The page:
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3 May 2016

Composer David Page dies at 55

Composer David Page dies at 55

Award-winning composer and Bangarra's music director David Page has died on 28 April 2016 at the age of 55. He wrote music for 27 works by Bangarra, a leading Australian dance company and an Aboriginal & Torres Strait Islander organisation.

His music was an integral part of productions such as Praying Mantis Dreaming (1992), Ochres (1995), Ninni (1996), Fish (1997), Skin (2000), Corroboree (2001), Bush (2003), Unaipon/Clan (2004), Boomerang (2005), X300 (2007) and Mathinna (2008). In 2010, Page created the musical soundscape for Bangarra's of earth & sky and, in 2011, was appointed artist in residence with Bangarra, composing music for the company's new program Belong for which he and Steve Francis received the Helpmann Award for Best Original Score.

In his role as resident composer, he created the score for Stephen Page's work Warumuk - in the dark night as a part of the Australian Ballet's 50th Anniversary celebrations in 2012, and Frances Ring's work Terrain that same year. In 2013 he collaborated with Paul Mac to create the soundscape for Blak and composed the music for Dance Clan 3 with contributions by Huey Benjamin and Steve Francis.

In 2014 David Page performed in the QTC and Sydney Festival production Black Diggers and composed the soundscape for Bangarra's Patyegarang, choreographed by his brother and Bangarra's artistic director Stephen Page.

In 2015, he composed the music for the film Spear, directed by Stephen Page. His composer colleague Christopher Sainsbury said of his music for this film,

'It showed him as a master exponent of the studio as an instrument in his composition, and a master of bringing about "land and cultural spaces" to his listeners - with an almost palpable sense. And if we're thinking of, hearing or experiencing the land via his work (as I do), then it starts to suggest a big conception of the relationship of music and place, and how he mitigated our experience of that through his work.'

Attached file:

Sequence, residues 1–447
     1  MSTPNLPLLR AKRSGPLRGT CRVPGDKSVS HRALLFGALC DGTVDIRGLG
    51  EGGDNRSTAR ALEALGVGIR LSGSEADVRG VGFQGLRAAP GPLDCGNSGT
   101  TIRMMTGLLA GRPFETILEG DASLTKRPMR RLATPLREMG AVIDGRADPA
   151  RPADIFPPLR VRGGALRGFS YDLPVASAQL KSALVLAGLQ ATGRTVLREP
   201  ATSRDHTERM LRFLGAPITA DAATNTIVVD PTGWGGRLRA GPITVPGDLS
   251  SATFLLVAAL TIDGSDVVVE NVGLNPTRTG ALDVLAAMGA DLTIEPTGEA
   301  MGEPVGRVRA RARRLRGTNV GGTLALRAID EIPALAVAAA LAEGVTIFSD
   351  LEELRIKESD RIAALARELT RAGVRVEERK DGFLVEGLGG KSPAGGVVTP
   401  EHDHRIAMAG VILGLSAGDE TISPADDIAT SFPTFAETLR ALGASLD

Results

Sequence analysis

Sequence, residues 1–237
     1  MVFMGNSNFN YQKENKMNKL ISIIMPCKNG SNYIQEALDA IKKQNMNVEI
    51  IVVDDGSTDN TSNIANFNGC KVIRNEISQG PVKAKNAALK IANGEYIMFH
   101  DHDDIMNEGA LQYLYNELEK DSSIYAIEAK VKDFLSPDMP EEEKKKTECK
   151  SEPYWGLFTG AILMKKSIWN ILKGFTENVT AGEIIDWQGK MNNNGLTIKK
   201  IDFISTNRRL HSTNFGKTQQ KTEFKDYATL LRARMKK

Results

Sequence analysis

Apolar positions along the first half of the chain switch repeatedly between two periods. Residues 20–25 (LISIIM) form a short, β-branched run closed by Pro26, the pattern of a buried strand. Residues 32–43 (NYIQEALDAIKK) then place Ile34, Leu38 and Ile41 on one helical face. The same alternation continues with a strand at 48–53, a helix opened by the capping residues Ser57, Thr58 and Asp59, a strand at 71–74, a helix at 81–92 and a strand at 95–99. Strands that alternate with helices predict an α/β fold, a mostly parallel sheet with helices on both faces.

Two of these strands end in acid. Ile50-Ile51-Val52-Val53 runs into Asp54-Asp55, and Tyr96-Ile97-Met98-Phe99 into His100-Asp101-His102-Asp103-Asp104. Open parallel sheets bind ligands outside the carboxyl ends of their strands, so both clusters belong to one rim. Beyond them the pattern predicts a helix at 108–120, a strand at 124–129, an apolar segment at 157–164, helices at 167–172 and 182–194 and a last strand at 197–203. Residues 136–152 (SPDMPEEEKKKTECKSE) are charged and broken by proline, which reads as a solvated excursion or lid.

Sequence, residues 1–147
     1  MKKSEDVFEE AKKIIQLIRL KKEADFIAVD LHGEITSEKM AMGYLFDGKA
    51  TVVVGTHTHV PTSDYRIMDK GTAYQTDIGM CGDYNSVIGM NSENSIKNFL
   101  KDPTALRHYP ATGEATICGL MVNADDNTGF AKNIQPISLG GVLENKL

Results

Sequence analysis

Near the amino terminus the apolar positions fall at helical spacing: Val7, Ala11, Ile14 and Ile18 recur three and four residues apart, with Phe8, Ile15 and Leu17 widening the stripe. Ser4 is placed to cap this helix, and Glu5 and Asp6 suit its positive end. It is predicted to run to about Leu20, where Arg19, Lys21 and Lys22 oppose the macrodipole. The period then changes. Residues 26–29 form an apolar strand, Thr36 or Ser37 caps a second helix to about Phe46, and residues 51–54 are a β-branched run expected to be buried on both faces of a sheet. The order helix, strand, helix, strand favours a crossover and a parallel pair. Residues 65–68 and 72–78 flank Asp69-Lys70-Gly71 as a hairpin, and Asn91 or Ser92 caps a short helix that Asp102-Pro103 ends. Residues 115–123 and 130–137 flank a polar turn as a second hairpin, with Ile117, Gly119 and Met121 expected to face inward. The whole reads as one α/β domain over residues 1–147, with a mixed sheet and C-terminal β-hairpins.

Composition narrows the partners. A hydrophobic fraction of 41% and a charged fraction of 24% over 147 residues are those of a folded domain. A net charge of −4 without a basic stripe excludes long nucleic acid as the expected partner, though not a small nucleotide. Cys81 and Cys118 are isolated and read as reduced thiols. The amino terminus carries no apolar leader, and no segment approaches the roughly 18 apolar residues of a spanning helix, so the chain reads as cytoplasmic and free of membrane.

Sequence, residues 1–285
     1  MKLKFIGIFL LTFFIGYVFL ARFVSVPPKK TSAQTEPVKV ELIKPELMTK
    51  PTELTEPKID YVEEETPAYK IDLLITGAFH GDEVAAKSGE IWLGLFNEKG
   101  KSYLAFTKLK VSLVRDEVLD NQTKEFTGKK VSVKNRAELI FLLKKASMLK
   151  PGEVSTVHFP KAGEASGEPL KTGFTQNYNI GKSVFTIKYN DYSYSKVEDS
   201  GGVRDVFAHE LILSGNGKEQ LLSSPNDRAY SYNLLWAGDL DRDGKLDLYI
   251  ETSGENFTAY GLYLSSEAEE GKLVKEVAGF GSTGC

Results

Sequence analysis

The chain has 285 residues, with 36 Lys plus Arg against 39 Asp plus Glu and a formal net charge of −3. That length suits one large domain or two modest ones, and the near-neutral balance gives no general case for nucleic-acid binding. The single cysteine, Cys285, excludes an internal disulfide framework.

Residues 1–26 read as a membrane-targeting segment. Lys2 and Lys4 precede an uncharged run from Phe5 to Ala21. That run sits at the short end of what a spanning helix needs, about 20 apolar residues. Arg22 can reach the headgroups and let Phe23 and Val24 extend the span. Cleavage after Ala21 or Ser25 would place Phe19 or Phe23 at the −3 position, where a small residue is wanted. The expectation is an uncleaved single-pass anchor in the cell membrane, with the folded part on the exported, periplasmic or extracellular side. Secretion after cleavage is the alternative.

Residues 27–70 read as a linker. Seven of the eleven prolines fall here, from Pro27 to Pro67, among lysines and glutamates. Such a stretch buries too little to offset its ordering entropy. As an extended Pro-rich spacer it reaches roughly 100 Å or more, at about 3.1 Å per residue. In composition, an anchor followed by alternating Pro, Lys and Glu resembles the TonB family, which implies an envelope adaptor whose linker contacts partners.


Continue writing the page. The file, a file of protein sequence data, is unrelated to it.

David Page contributed music to the Opening Ceremonies of the Sydney Olympic Games, the Sydney Olympic Arts Festival and, in 2002, the Sydney Dreaming Festival. He composed music for the Australian Ballet's Alchemy (1997) and collaborated with composer Elena Kats-Chernin on Amalgamate (2007). His numerous television credits include music for 'Heartland, Pride' (part of the Seven Deadly Sins series) and Poison for the ABC, and themes for Songlines, Living Black and Pioneers of Love for SBS. His short film scores include Round Up, Passing Through, Grace and Saturday Night Sunday Morning, and five of the thirteen Bit of Black Business AFC short film series. He also composed for the short film Jacob, selected for the 2009 Melbourne International Film Festival.

David Page won four Deadly's Sound Awards, an ARIA nomination for Heartland in 1996, and was the inaugural winner of the Indigenous Artist Award for the Sidney Myer Foundation in 2000. He also received the 2006 Green Room Award for his solo performance in Page 8 as the Best New Australian Play. He received a Helpmann Award for Best Original Score for Mathinna in 2009.

He studied saxophone, voice, composition and song at the Centre for Aboriginal Studies in Music (CASM) at Adelaide University.

David Page was a descendant of the Nunukul people and the Munaldjali clan of the Yugambeh tribe from South Eastern Queensland.

Further links

Bangarra - dance company homepage

'Vale Mr Page, Bangarra Music Director and resident composer' - statement by Federal Minister for the Arts, Mitch Fifield (29 April)

'Bangarra Dance Theatre shattered by death of composer David Page'' - The Sydney Morning Herald (29 April 2016)

'Bangarra legend David Page dead at 55' - National Indigenous Times (29 April 2016)

'Charismatic songman and shape-shifter David Page dies at 55' - The Australian (30 April 2016)

'David Page, award-winning music director of Bangarra, dies aged 55' - The Guardian (29 April 2016)

'Vale David Page' - ArtsHub (29 April 2016)

'David Page has died' - Limelight (29 April 2016)

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